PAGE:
By Steve Sprouse
Police K-9 Magazine
Making obedience training fun and rewarding is the key to reliable performance.
Obedience is a word many handlers don’t want to hear and an exercise many dogs avoid. There are a few reasons for that. The dictionary defines obedience as “submission to the restraint or command of authority.” With that definition in mind, the word obedience may sound compulsive or demanding. If a handler takes the definition to an extreme, obedience training can become negative for both dog and handler. This article discusses ways to make obedience exercises both enjoyable and productive while laying the foundation for ongoing training success.
Combating Negative Perceptions
A better word to use in place of obedience would be “control.” Long, compulsive exercises, poor timing of corrections or rewards, regimented exercises, and too much group obedience can lead to the dog and the handler disliking obedience training. Another negative perception is that obedience training suppresses the dog’s drive. Drive suppression may occur when exercises are done incorrectly and the dog becomes confused about what is expected of him. Adverse canine reactions also may result from negative occurrences that have taken place in conjunction with other exercises or environments. In other words, the dog associates obedience with negative experiences such as overcorrection.
The lack of balance in obedience training between compulsion and motivation has destroyed many dog teams. That can happen when handlers get frustrated and take their irritation out on the dog. The trainer or handler blames the dog when, in reality, they failed to understand why the dog was not behaving the way they thought he should. A famous German dog trainer and breeder of the late 1800s, Captain Max von Stephanitz, said, “Let the trainer examine himself when the dog makes a mistake or doesn’t understand the exercise and ask himself, ‘Where am I at fault?’ ”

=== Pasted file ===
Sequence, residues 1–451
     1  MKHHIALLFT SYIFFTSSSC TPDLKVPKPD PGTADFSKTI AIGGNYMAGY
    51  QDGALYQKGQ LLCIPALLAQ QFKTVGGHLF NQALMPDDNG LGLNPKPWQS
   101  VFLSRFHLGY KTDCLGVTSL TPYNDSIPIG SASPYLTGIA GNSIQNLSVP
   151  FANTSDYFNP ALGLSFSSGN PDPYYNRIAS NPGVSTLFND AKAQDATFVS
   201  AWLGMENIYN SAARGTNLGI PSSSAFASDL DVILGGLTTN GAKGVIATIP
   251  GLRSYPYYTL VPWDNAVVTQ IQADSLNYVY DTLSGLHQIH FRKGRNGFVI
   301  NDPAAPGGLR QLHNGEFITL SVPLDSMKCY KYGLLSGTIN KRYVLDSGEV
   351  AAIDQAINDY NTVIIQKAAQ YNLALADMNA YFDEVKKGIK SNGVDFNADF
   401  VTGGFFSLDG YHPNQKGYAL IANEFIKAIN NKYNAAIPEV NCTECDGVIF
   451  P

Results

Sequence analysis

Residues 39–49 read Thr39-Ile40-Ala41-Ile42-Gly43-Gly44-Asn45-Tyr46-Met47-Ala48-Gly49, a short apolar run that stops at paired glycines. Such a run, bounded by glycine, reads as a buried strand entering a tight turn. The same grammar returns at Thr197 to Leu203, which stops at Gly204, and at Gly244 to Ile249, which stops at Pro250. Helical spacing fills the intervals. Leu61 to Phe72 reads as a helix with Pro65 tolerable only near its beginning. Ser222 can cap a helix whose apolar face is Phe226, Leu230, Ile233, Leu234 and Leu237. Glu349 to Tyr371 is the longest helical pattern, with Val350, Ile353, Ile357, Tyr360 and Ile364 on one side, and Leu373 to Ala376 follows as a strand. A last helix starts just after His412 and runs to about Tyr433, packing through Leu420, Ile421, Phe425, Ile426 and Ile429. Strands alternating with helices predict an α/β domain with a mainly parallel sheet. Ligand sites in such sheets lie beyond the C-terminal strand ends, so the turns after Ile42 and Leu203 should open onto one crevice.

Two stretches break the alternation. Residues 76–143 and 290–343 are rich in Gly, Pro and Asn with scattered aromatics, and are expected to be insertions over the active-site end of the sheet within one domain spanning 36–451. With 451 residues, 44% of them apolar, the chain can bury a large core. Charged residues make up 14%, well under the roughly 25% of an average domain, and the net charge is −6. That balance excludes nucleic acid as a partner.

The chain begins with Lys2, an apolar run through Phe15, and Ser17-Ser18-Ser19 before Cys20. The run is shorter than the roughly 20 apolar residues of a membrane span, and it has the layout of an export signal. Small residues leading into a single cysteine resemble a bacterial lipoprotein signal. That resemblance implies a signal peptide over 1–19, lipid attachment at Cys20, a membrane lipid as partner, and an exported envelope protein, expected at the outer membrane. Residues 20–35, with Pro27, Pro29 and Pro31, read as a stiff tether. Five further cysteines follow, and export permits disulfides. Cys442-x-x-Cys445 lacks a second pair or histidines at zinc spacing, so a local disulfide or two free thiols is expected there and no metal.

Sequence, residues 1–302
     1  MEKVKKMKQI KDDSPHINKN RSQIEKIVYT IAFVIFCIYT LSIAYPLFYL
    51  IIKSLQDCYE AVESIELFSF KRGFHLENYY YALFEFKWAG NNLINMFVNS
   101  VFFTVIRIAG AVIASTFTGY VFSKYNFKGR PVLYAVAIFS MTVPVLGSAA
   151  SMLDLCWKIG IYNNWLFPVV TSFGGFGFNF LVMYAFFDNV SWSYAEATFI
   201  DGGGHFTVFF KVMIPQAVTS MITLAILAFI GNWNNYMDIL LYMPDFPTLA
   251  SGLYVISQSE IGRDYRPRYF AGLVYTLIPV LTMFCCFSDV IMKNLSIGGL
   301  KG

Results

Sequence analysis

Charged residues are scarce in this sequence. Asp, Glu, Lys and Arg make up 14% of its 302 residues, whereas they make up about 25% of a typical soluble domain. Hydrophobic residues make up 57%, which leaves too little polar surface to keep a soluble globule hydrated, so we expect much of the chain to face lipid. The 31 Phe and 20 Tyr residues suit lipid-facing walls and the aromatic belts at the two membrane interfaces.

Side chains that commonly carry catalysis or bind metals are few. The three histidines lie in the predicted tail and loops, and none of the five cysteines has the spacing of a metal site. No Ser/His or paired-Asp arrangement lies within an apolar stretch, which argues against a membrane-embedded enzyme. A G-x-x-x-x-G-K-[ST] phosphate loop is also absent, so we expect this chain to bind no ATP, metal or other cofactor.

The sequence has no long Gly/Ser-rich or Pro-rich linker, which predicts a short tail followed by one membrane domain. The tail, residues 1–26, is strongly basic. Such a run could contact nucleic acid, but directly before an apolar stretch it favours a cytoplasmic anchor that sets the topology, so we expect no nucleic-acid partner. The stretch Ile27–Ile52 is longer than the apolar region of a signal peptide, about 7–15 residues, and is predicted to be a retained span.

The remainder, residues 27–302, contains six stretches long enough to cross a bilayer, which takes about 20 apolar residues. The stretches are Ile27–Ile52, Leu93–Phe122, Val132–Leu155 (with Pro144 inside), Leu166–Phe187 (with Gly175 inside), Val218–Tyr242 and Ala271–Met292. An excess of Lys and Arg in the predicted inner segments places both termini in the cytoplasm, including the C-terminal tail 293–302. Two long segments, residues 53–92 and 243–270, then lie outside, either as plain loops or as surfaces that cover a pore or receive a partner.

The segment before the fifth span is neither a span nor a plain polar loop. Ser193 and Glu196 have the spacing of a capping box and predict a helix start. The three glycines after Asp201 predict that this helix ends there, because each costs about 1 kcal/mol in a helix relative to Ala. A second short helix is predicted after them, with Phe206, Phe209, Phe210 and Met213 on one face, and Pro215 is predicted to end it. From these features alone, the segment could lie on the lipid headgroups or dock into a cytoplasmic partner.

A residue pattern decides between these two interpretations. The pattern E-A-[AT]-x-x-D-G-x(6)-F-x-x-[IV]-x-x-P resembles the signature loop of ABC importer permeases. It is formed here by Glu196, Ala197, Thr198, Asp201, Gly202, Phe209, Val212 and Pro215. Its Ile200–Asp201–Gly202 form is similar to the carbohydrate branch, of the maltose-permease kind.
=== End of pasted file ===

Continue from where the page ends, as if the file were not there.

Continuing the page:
A black-and-white video filmed in the 1970s shows mem-bers of the United States military training dogs in group obedience exercises at a military base. The video shows the handlers walking their dogs to the area where obedience exercises take place. The dogs are walking slowly, hunched over, with ears back: their body language clearly shows that they are not looking forward to the exercises. They look like a herd of cows being led to the slaughterhouse. If that is the perception of obedience training, it makes sense that the K-9 team would not look forward to it.
Most of us, myself included, want strong, aggressive street dogs, and we would rather be training search or appre-hension work than obedience. What we sometimes fail to realize is that obedience training, if done correctly, lays the foundation for almost everything else we do, including aggression work. In addition, obedience training can strengthen the bond between handler and dog like no other exercise, providing it is done properly. Obedience should establish necessary order in the pack — or in our case, the canine team. To establish that order, the handler becomes the leader. The handler does not become the leader by force only, but by using finesse. We control the dog’s environ-ment and behaviors by using the laws of nature and the laws of learning to benefit our needs. By teaching the dog that we are the provider, we establish leadership and control.